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A course in mathematics,: For students of engineering and by Frederick S. Woods PDF

By Frederick S. Woods

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Then x 2 −π 2 = 2δπ +δ2 , and an easy calculation shows that this has modulus less than 10−100 if δ has modulus less than 10−101 . So we will be all right if we take the first 101 digits of π after the decimal point. More generally, however accurate we wish our estimate of π 2 to be, we can achieve this accuracy if we are prepared to make x a sufficiently good approximation to π . In mathematical parlance, the function f (x) = x 2 is continuous at π . Let us try to say this more symbolically. The statement “x 2 = π 2 to within an accuracy of ” means that |x 2 −π 2 | < .

The three most commonly used models of hyperbolic geometry are called the half-plane model, the disk model, and the hyperboloid model. The half-plane model is the one most directly associated with the group PSL(2, R). The set in question is the upper half-plane of the complex numbers C, that is, the set of all complex numbers z = x + yi such that b y > 0. Given a matrix ( ac d ), the corresponding transformation is the one that takes the point z to the point (az +b)/(cz +d). ) The condition ad − bc = 1 can be used to show that the transformed point will still lie in the upper half-plane, and also that the transformation can be inverted.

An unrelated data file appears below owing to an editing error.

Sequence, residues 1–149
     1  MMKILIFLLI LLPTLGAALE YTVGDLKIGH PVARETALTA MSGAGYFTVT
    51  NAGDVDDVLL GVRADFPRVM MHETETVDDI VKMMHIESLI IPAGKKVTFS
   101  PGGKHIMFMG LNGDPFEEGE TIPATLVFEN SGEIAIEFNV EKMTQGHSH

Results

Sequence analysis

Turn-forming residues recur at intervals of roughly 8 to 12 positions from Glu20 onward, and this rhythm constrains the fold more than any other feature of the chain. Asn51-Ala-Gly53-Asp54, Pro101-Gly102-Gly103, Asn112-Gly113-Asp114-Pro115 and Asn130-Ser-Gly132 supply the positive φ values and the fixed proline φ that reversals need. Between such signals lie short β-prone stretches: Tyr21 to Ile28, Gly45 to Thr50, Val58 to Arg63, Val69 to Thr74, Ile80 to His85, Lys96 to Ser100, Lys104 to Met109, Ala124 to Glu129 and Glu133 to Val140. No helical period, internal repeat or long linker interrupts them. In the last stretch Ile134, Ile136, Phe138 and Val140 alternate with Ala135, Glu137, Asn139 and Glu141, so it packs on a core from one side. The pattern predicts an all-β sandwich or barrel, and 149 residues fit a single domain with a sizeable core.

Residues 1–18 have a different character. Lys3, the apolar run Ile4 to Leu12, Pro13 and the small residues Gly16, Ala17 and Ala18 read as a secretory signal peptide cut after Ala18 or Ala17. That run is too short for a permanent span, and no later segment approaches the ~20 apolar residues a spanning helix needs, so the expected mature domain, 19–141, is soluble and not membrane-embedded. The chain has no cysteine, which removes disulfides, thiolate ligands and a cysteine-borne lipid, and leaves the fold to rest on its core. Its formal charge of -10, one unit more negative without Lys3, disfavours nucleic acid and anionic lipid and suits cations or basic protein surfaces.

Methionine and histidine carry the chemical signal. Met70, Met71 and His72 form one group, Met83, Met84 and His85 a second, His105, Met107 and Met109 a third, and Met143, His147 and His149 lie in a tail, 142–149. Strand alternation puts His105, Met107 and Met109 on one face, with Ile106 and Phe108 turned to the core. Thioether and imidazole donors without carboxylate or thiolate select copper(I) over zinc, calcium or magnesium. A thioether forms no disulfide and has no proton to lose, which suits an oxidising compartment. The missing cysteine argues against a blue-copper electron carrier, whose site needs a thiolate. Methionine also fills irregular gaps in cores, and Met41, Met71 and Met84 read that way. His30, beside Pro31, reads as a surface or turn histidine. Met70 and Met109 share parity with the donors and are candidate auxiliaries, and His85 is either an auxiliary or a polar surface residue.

The following notation is common: if S is the set and f is the function, then the total amount of f in S, known as the integral, is written S f (x) dx. Here, x denotes a typical element of S. If, as in the density example, the elements of S are points (x, y, z), then vector notation such as S f (x) dx can be used, though often it is not and the reader is left to deduce from the context that an ordinary “x” denotes a vector rather than a real number. We have been at pains to distinguish integration from antidifferentiation, but a famous theorem, known as the fundamental theorem of calculus, asserts that the two procedures do, in fact, give the same answer, at least when the function in question has certain continuity properties that all “sensible” functions have.

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A course in mathematics,: For students of engineering and applied science, by Frederick S. Woods

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